Teenage years were when you finally turned your head away from the childish world centred around the home and started to think about the wider world. You discovered politics through a concern with the nuclear arms race and mutually assured destruction. That fusion of the political and the fear of death has never left you and permeates all your writing as you now approach the age of 50. Cleaning the blood up off the floor of a parent after a serious suicide attempt in your last year of teenagehood probably saw to that. Though a terrifying and brutal initiation into other people’s misery, it has set you up for not shying away from tackling dark subjects in your writing and probing the extremes of human behaviour. When you wrote about suicide bombers in “Not In My Name”, you could balance the ‘bomber’ aspect with the ‘suicide’ part like few others possibly could.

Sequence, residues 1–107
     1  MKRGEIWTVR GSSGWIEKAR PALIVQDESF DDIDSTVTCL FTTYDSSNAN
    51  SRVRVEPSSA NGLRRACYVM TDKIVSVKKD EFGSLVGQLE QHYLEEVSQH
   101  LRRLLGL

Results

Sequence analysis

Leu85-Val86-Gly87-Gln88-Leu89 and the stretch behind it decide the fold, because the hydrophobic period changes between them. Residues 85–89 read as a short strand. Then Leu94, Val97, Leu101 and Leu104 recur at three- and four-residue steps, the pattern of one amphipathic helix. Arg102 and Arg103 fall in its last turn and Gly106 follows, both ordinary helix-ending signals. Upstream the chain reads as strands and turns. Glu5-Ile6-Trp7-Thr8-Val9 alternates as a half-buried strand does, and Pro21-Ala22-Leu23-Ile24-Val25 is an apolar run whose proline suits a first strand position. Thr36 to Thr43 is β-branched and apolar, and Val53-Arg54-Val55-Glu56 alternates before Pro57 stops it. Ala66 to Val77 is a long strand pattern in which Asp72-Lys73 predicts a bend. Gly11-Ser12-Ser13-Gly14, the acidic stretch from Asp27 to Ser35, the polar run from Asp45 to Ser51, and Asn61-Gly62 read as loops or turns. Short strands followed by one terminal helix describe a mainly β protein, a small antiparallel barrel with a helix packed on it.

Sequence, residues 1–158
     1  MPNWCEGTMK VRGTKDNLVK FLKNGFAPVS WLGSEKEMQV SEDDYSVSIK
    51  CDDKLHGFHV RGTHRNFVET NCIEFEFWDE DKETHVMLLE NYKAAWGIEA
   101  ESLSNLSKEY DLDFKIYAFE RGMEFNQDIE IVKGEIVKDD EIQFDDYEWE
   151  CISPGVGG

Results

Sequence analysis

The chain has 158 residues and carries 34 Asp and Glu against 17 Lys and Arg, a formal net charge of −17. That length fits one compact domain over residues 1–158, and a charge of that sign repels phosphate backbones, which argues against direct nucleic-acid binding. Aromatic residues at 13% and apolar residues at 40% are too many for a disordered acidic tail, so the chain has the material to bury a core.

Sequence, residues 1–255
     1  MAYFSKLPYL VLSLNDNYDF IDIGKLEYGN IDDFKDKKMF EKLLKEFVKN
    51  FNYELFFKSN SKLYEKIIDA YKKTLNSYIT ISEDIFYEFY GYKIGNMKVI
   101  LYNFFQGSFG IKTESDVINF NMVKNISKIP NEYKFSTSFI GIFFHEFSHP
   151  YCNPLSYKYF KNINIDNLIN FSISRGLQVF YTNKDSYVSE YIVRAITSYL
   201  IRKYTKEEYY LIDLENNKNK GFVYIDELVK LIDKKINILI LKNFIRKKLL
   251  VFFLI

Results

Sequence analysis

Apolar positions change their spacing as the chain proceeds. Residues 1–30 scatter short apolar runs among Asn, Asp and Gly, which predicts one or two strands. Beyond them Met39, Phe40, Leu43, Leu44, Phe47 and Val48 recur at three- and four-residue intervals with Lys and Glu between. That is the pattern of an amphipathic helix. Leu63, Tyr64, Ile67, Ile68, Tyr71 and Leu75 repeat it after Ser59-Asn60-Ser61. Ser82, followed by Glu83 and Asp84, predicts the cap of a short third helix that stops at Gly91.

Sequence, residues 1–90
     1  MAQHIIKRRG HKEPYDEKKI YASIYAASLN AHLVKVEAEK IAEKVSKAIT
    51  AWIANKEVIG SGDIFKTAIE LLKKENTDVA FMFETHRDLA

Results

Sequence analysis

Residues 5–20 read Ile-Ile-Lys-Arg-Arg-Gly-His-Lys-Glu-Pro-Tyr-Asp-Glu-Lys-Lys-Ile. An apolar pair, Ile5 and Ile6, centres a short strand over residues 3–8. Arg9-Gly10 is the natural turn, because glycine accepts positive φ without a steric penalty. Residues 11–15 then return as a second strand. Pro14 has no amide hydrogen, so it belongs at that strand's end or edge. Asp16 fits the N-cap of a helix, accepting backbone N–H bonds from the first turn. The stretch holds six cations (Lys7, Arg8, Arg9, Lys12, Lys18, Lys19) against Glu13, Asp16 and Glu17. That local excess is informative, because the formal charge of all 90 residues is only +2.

There were wars a plenty around the world while you were a teenager. On your doorstep there were the charmingly euphemistically named “The Troubles” in Northern Ireland. There was the ongoing conflict in the Middle East which was of grave concern to your family, but which you couldn’t engage with as you held an opposite point of view from them. In your Gap year Britain sailed an army halfway around the world to bafflingly fight over some barely inhabited islands against the Argentinians. That was when you realised you had a love-hate relationship with your own country, another theme you would go on to write about extensively, particularly in your debut novel “A,B&E”. Interestingly you chose to write that from the point of view of exile from Britain, even though after extensive Gap year travel as a teenager, you resolutely decided to stay in London and set your face against further travel. These days you don’t have holidays, you only write in your time off. You travel extensively in your imagination.